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Intermittency and the Value of Renewable Energy

Author

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  • Gautam Gowrisankaran
  • Stanley S. Reynolds
  • Mario Samano

Abstract

A key problem with solar energy is intermittency: solar generators only produce when the sun is shining. This adds to social costs and also requires electricity system operators to reoptimize key decisions with large-scale renewables. We develop a method to quantify the economic value of large-scale renewable energy. We estimate the model for southeastern Arizona. Not accounting for offset CO2, we find social costs of $138.4/MWh for 20% solar generation, of which unforecastable intermittency accounts for $6.1 and intermittency overall for $46. With solar installation costs of $1.52/W and CO2 social costs of $39/ton, 20% solar would be welfare neutral.

Suggested Citation

  • Gautam Gowrisankaran & Stanley S. Reynolds & Mario Samano, 2011. "Intermittency and the Value of Renewable Energy," NBER Working Papers 17086, National Bureau of Economic Research, Inc.
  • Handle: RePEc:nbr:nberwo:17086 Note: EEE IO PR
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    Cited by:

    1. Severin Borenstein, 2012. "The Private and Public Economics of Renewable Electricity Generation," Journal of Economic Perspectives, American Economic Association, vol. 26(1), pages 67-92, Winter.
    2. Fell, Harrison & Linn, Joshua, 2013. "Renewable electricity policies, heterogeneity, and cost effectiveness," Journal of Environmental Economics and Management, Elsevier, vol. 66(3), pages 688-707.
    3. repec:wsi:ccexxx:v:03:y:2012:i:04:n:s2010007812500194 is not listed on IDEAS
    4. Hirth, Lion & Ueckerdt, Falko & Edenhofer, Ottmar, 2015. "Integration costs revisited – An economic framework for wind and solar variability," Renewable Energy, Elsevier, vol. 74(C), pages 925-939.
    5. Hirth, Lion, 2013. "The market value of variable renewables," Energy Economics, Elsevier, vol. 38(C), pages 218-236.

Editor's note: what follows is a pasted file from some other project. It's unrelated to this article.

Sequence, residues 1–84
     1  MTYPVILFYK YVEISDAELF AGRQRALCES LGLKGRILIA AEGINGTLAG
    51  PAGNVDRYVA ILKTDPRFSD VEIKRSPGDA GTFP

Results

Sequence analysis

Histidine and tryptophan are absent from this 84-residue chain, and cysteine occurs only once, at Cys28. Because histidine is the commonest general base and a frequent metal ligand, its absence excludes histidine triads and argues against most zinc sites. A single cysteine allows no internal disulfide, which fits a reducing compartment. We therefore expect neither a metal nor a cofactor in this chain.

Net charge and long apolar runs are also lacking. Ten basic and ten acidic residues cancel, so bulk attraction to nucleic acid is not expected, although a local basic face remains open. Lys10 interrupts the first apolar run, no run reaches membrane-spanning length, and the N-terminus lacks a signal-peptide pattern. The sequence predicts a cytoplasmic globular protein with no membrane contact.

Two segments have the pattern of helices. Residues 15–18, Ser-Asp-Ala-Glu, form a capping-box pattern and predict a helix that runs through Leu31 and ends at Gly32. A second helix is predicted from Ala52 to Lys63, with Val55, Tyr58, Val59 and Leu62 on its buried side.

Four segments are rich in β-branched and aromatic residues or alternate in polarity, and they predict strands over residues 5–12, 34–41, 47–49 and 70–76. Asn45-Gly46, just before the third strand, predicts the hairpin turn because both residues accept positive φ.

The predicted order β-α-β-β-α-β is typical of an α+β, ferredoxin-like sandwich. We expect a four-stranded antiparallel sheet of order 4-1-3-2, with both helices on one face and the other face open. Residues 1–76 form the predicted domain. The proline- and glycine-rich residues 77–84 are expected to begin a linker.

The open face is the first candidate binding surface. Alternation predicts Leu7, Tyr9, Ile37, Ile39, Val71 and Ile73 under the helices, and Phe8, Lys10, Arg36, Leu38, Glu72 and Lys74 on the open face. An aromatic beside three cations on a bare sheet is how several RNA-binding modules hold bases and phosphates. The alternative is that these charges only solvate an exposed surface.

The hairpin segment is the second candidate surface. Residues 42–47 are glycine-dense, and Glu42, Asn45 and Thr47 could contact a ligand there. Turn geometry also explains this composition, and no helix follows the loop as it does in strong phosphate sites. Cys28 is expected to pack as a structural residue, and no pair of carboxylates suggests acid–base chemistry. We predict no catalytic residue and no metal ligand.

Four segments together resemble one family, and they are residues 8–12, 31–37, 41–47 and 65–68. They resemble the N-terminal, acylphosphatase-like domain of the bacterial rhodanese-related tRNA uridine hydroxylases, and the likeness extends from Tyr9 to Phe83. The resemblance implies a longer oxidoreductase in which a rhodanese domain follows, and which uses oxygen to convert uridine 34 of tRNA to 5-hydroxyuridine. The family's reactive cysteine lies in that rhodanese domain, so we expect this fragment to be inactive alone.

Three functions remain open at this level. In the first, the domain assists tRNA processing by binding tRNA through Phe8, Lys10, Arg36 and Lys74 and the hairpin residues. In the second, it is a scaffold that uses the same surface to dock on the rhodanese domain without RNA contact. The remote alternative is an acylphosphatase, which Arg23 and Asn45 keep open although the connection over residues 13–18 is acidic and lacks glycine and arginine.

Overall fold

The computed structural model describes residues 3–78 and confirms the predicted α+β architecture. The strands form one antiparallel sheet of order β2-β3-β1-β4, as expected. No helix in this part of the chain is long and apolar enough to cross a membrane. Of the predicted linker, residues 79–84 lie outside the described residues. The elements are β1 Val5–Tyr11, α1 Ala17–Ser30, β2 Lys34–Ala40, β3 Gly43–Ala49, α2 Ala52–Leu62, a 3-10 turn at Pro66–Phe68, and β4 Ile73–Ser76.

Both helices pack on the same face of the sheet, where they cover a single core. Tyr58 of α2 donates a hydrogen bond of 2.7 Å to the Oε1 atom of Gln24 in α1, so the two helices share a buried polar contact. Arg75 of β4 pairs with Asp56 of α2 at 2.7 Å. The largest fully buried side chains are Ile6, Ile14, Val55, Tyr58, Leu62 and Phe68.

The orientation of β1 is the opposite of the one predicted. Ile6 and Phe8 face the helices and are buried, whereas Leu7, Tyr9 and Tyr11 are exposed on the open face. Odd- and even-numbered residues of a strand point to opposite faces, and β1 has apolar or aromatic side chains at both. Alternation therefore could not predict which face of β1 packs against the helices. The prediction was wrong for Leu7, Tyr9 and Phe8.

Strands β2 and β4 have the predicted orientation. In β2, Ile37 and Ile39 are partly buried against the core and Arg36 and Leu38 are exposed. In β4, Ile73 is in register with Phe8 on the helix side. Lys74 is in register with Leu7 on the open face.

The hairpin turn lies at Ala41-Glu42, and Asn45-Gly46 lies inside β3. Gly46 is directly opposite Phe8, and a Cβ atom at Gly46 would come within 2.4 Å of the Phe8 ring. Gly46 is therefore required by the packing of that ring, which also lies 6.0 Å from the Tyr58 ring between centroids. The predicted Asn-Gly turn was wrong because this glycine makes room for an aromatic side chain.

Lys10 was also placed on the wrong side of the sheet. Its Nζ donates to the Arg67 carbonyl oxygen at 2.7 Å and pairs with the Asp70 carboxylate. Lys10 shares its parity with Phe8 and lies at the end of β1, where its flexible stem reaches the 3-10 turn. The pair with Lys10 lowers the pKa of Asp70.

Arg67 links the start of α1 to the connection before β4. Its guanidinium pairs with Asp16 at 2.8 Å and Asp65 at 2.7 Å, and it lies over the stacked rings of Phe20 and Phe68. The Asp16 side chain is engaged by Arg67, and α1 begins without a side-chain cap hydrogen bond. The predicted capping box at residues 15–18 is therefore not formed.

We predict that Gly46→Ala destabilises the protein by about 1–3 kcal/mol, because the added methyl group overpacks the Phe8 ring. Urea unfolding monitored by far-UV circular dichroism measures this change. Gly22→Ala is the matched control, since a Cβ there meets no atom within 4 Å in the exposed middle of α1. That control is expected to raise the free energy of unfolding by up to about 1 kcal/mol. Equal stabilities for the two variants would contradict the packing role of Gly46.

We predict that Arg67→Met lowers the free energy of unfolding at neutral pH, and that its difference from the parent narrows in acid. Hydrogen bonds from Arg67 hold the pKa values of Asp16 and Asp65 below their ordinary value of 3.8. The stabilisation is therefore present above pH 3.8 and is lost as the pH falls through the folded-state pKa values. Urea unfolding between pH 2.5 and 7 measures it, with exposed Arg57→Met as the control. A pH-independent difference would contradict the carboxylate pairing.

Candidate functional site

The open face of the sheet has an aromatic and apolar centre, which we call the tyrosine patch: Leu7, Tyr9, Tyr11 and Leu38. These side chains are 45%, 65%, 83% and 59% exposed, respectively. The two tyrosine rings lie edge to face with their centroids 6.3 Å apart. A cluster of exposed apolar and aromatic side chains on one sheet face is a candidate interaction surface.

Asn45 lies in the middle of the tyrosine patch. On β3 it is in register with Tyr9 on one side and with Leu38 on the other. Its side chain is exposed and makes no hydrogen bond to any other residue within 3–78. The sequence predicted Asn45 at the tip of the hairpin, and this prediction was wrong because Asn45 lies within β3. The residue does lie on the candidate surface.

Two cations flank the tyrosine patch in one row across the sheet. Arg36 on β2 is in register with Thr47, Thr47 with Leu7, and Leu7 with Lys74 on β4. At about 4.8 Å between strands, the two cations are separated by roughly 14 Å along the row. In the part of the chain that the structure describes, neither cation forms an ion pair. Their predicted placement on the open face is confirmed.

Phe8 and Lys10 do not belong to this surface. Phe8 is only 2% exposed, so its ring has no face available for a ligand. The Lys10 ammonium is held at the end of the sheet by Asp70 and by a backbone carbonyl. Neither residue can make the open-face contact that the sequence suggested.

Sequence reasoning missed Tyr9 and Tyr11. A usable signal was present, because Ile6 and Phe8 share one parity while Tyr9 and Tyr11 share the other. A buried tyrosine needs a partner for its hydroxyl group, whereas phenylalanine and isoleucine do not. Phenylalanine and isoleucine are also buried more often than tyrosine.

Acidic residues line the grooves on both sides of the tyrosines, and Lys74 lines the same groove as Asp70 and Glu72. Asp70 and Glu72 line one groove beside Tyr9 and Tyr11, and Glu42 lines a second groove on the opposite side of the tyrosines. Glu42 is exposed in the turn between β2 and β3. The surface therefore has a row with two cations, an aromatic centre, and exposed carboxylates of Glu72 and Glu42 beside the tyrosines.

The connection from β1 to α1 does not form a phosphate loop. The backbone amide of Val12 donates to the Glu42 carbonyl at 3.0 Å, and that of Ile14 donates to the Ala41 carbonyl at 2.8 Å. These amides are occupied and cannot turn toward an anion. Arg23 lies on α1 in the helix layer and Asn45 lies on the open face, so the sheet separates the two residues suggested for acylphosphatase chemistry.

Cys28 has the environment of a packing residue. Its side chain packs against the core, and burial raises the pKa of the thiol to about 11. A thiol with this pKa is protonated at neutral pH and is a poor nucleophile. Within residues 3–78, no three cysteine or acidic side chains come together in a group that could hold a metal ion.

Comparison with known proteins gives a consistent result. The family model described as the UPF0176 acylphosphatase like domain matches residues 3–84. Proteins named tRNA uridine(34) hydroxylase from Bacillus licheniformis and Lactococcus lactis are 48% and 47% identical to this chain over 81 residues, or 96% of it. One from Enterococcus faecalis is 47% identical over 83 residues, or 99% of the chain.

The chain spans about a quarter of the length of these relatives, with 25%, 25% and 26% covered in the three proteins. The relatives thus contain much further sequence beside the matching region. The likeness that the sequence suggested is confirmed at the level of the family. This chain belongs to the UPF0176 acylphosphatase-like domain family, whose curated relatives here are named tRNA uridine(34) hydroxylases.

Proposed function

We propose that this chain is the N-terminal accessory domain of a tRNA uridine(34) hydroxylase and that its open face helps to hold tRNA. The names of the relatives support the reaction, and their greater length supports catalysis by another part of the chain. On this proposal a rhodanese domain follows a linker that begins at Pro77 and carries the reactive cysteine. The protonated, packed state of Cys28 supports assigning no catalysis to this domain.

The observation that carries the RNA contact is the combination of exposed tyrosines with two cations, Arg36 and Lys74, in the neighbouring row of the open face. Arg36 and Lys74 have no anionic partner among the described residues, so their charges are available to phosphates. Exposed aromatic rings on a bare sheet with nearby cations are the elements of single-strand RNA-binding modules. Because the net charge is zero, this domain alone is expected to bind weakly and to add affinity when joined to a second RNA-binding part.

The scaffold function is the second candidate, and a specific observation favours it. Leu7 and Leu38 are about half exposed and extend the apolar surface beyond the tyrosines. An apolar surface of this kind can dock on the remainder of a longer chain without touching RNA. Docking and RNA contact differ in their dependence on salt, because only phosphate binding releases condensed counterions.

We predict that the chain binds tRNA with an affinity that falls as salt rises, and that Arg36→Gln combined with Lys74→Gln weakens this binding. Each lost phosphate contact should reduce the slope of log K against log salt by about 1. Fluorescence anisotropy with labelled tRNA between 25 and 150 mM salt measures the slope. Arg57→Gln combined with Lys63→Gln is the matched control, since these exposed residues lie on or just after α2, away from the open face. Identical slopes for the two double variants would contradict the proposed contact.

6. Djanibekov, Utkur & Finger, Robert & Guta, Dawit Diriba & Varun, Gaur & Mirzabaev, Alisher, 2016. "A generic model for analyzing nexus issues of households’ bioenergy use," Discussion Papers 230416, University of Bonn, Center for Development Research (ZEF).
    7. Průša, Jan & Klimešová, Andrea & Janda, Karel, 2013. "Consumer loss in Czech photovoltaic power plants in 2010–2011," Energy Policy, Elsevier, vol. 63(C), pages 747-755.
    8. Narbel, Patrick A., 2014. "Rethinking how to support intermittent renewables," Energy, Elsevier, vol. 77(C), pages 414-421.
    9. Hirth, Lion & Ziegenhagen, Inka, 2015. "Balancing power and variable renewables: Three links," Renewable and Sustainable Energy Reviews, Elsevier, vol. 50(C), pages 1035-1051.
    10. Cerdá, Emilio & del Río, Pablo, 2015. "Different interpretations of the cost-effectiveness of renewable electricity support: Some analytical results," Energy, Elsevier, vol. 90(P1), pages 286-298.
    11. Bunn, Derek & Yusupov, Tim, 2015. "The progressive inefficiency of replacing renewable obligation certificates with contracts-for-differences in the UK electricity market," Energy Policy, Elsevier, vol. 82(C), pages 298-309.
    12. Detert, Neal & Kotani, Koji, 2013. "Real options approach to renewable energy investments in Mongolia," Energy Policy, Elsevier, vol. 56(C), pages 136-150.
    13. Inzunza, Andrés & Moreno, Rodrigo & Bernales, Alejandro & Rudnick, Hugh, 2016. "CVaR constrained planning of renewable generation with consideration of system inertial response, reserve services and demand participation," Energy Economics, Elsevier, vol. 59(C), pages 104-117.

    More about this item

    JEL classification:

    • Q2 - Agricultural and Natural Resource Economics; Environmental and Ecological Economics - - Renewable Resources and Conservation
    • Q4 - Agricultural and Natural Resource Economics; Environmental and Ecological Economics - - Energy

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